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would nerve the arm of Americans, as British gold never could the hired legions of England. One of the most preposterous notions which ever found its way into the human brain, was, that the descendants of the men who built their cabins on Plymouth Rock, could ever be conquered.



has always seemed to me that the embarkation of the Pilgrim Fathers must have been one of the finest spectacles ever presented. I have often thought, that when the Mayflower weighed her anchor, she must have seemed like a life-boat bearing away a few noble hearts from a sinking wreck—another ark freighted with men saved to people a New World. I once read a stirring anecdote of that Mayflower. It appears that one man, who had intended to sail in her, manifested some indecision when they were about to haul in the plank: "I don't know," he said, "as I had better go." "Well, then," exclaimed the brave commander, "jump ashore; if you want to go, you can go and have our fare; if not, you can stay. At any rate, we want no faint-hearted men among this crew." The man jumped ashore. The plank was the next instant hauled in, and in five minutes all her sails were set, and she was “leaving Old England's shores behind."

England has never been trod by a nobler company of men than the Pilgrim Fathers. They did not leave England because they were unwilling to struggle and die for their principles; but they saw the atmosphere of Europe was too cold and chilling for the growth of freedom, and they flung aside all but the hope that they might, in the fine language of Channing, "transplant the tree of liberty to a new and more congenial clime." There never had been a crisis in the world's history to call forth such men; they had never been needed before. They were true heroes-not in the common use of the term, for such heroes had driven them from their homes; but Christian, brave men, who could not be intimidated by the threat of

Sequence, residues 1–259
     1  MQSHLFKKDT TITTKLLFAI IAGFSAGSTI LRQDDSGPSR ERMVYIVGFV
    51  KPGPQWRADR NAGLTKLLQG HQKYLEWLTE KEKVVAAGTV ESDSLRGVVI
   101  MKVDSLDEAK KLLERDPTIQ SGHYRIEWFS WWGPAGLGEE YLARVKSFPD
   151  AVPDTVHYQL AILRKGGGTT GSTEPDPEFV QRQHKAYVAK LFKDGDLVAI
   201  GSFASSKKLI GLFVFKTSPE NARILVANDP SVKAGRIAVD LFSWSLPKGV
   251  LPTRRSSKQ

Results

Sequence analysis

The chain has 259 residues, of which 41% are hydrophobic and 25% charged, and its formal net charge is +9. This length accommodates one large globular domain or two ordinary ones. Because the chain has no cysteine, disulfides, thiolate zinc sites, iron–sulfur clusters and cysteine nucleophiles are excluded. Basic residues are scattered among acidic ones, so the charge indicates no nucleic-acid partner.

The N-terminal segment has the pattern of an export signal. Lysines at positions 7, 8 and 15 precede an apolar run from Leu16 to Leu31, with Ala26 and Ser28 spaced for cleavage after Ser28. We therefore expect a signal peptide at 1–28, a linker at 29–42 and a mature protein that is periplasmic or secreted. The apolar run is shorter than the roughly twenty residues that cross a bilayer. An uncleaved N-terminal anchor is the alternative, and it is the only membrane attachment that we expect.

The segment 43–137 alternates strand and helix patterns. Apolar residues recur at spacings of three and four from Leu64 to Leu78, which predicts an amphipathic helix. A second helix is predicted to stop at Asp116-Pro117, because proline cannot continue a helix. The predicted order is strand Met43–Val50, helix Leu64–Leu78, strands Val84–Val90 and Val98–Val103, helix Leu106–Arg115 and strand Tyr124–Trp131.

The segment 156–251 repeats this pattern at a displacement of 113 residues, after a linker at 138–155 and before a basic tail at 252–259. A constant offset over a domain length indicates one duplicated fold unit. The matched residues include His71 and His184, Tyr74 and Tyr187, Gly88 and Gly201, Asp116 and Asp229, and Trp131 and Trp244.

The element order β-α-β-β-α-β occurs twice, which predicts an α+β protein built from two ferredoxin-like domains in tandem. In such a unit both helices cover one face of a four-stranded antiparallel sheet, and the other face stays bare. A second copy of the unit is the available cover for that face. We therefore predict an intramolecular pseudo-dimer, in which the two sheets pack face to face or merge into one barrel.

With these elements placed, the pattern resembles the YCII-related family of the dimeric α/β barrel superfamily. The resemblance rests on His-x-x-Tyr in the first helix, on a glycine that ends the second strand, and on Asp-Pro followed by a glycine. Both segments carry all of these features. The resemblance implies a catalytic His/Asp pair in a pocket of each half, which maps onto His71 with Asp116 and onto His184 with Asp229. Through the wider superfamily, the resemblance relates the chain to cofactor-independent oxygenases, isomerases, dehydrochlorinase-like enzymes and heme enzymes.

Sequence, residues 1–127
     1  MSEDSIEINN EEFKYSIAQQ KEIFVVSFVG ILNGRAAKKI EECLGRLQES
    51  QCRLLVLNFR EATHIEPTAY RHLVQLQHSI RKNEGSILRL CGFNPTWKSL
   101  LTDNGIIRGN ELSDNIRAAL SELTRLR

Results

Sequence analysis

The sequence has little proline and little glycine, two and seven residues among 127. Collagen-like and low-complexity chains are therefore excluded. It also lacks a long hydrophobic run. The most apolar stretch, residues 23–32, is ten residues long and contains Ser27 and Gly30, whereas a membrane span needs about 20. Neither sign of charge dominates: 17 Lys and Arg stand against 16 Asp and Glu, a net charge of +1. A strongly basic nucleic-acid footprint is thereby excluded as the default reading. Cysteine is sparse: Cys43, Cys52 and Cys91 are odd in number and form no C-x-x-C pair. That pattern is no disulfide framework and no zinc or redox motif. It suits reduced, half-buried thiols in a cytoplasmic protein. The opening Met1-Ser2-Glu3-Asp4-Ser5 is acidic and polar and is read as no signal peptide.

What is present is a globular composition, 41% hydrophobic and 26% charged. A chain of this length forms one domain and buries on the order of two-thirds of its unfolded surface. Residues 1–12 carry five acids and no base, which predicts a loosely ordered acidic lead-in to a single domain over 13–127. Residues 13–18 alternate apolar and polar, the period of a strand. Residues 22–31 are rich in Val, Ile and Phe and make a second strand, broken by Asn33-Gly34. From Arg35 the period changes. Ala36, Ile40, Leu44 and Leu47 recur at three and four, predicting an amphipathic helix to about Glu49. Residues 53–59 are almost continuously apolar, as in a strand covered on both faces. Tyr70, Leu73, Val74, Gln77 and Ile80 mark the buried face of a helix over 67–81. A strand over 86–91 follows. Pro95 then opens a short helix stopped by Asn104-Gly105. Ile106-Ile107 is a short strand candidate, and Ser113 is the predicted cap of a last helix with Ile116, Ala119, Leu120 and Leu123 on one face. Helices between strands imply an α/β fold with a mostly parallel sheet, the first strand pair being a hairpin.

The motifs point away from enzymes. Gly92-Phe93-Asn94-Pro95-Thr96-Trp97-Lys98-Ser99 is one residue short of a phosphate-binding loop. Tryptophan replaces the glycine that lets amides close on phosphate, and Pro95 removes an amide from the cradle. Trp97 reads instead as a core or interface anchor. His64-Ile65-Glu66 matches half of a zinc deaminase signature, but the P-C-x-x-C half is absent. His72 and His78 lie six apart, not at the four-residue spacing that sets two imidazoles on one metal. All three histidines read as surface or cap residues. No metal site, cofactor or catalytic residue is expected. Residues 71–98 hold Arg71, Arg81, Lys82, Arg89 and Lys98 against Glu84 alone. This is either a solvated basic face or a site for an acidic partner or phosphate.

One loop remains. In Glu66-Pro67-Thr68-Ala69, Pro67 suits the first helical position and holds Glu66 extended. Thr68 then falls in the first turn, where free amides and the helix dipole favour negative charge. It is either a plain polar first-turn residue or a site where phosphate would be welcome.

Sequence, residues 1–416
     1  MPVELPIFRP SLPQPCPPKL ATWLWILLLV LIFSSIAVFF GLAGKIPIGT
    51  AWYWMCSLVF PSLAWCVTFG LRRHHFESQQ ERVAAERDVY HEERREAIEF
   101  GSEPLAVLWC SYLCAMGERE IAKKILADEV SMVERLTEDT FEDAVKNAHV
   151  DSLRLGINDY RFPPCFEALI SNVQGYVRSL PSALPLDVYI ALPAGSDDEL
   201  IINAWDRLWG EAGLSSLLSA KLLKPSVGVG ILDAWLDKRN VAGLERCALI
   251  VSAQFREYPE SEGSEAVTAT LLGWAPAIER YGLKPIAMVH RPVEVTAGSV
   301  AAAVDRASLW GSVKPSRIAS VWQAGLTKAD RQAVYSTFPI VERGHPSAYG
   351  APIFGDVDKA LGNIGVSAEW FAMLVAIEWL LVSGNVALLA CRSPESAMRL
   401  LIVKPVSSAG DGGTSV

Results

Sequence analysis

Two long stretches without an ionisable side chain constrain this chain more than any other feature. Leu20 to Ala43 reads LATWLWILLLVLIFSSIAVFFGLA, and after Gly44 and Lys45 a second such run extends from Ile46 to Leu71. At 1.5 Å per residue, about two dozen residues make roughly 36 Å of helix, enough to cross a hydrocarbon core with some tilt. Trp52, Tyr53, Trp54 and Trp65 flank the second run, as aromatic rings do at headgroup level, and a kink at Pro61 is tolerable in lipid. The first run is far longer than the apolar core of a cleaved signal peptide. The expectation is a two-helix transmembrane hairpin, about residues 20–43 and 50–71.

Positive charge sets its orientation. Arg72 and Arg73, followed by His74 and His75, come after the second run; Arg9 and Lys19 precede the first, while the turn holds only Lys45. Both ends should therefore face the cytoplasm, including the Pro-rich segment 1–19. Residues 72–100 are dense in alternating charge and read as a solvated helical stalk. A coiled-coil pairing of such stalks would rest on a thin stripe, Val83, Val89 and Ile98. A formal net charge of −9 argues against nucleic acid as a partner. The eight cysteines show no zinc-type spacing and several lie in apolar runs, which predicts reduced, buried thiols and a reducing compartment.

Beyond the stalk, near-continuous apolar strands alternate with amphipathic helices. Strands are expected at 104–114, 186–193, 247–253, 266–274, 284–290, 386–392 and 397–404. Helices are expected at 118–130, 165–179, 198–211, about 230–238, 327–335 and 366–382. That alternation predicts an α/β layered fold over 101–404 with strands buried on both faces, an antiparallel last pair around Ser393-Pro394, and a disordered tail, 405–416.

tyranny, nor conquered by sword and cannon. They had no confidence in the weak panoply of the soldier, although they could fight when it became necessary. They afforded a strong proof of the truth of that wise saying of an old historian, "No man ever yet failed, who had faith in God and a determination to be free."



HE same despotism that oppressed the Puritans, urged their descendants into rebellion. There never was a greater outrage upon common sense, than the arrogant claim of England to tax the colonics with no representation in the legislature which governed them. The Americans rejected that claim with scorn, and the conflict began.

England could command the largest naval power on earth; and what had America as an offset? Only a few rusty firelocks laid by from the old French and Indian wars; and, as old Stark said, a few kegs of powder, which "they were obliged to set fire to a week or ten days before they wanted to shoot." But then was raised the voice of Adams and Hancock, “To arms; for our chains are forged, and their clanking may be heard on the plains of Concord, and Lexington and Bunker Hill!" What! subdue such men? England might as well have undertaken to chain the comets.

It makes one's blood thrill to think of the American Revolution. Rotteck says, that in the Declaration of Independence, "America planted herself between magnificence and ruin." It is a sublime idea. What a terrible thing it would have been even to England, if we had failed! Humanity would not have recovered from the disastrous blow in a hundred years. But to fail under such circumstances was impossible. The great Chatham foresaw all this; and England, who never takes advice from her friends until it is too late-England, who commenced the war for the glory of her name and the wealth of her empire, might have saved herself millions of money,



and tens of thousands of lives, and the eternal disgrace of being expelled from the fairest portion of the habitable globe, had she only listened to the voice of that tongue, turned to dust in this grave.



E stopped a few moments before the superb monument of Sir Isaac Newton. It is grand and expressive; worthy of the illustrious man to whom it was erected. The inscription is in Latin, short, but full of meaning. It concludes with this beautiful sentiment: "Mortals have reason to exult in the existence of so noble an ornament to the human race."

After looking at the monuments of which I have spoken, I directed my attention to the architecture of the Abbey. It is an immense pile, built in the form of a cross, its length from east to west being 416 feet, and its breadth about 200. The two fine towers on the west end are 225 feet high. Around the choir of the Abbey there is a succession of small chapels, filled with curious antique monuments, and the effigies of royal families lying in state.